Venezuela-U.S. Showdown Over Detention: After Venezuelan President Hugo Chávez announced late last week that police have detained an American citizen who claimed to be a former U.S. Marine, tensions have flared between the U.S. and Venezuelan governments. According to the Associated Press, a State Department official said that the U.S. authorities were not notified of his arrest. Chávez has openly suspected that the detainee, whose name has not been released, may be a “mercenary” scheming to destabilize Venezuela. Stay tuned to see if there may be more updates on this case in the coming week.
EXTRA, Rio 2016: After yesterday’s closing ceremony of the 2012 Olympic Games in London, the world’s attention turns to Rio de Janeiro for 2016. But is the city ready? Check out AQ’s television segment on Brazil and the Olympics on the “Efecto Naím” program on NTN24.
Mauricio Macri, incumbent mayor of Buenos Aires since 2007, was re-elected yesterday by a nearly two-to-one margin over challenger Senator Daniel Filmus. The election, which had entered a run-off last month after no candidate won an outright majority on July 10, ended with Macri claiming 64.3 percent of votes and Filmus the remaining 35.7 percent.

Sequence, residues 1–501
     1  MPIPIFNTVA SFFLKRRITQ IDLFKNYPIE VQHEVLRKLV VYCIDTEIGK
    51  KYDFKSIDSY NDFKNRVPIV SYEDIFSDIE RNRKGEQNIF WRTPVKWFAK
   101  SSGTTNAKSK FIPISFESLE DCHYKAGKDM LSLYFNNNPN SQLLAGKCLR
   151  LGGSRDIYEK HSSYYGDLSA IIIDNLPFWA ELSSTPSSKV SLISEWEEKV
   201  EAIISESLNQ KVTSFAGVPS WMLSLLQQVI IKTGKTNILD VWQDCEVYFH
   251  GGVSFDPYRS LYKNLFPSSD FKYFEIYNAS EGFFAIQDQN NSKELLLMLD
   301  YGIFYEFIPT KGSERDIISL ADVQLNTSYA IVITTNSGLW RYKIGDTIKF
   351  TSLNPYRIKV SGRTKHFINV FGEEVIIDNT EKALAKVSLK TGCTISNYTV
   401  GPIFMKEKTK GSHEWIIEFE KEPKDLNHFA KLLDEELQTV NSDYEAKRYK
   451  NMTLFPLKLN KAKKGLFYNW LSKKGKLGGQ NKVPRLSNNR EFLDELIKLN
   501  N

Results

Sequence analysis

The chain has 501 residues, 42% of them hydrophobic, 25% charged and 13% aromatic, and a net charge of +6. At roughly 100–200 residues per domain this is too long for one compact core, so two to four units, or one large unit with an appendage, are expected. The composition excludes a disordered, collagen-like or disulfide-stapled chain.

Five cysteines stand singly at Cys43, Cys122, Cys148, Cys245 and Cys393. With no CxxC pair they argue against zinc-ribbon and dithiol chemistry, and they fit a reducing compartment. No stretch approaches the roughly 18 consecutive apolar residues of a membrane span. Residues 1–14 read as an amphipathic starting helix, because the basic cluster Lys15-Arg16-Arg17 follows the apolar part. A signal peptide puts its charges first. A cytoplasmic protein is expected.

Filmus was President Cristina Fernández de Kirchner’s hand-picked candidate from her Frente para la Victoria (Front for Victory—FPV), which controls both the presidency and a combined 118 seats in the 329-seat bicameral Argentina National Congress. Although Macri enjoys widespread popularity as mayor, his Propuesta Republicana (Republican Proposal—PRO) alliance holds only 11 seats in the national congress.
This election was viewed by observers as a bellwether for Argentina’s presidential race. Macri was considered a leading challenger to Fernández de Kirchner in the upcoming October election, but he declined to enter the race earlier this year in favor of seeking another mayoral term. Although Fernández de Kirchner currently leads in the polls, a first-round victory—which requires at least 40 percent of the vote—is not a foregone conclusion. Macri’s endorsement is widely sought after among all potential candidates and he has pledged to speak with each of them prior to deciding who to back.
The next mayor of Buenos Aires will be decided on July 31 after no candidate secured an outright majority during Sunday’s vote in the Argentine capital. Mayor Mauricio Macri—the frontrunner and leader of the Propuesta Republicana (PRO) party—won 47.1 percent of the vote while Daniel Filmus of the Peronist Frente para la Victoria (FPV) party received 27.8 percent of ballots cast, according to results posted with 79 percent of the ballots counted. Fernando ‘Pino’ Solanas from Proyecto Sur received nearly 13 percent of the votes.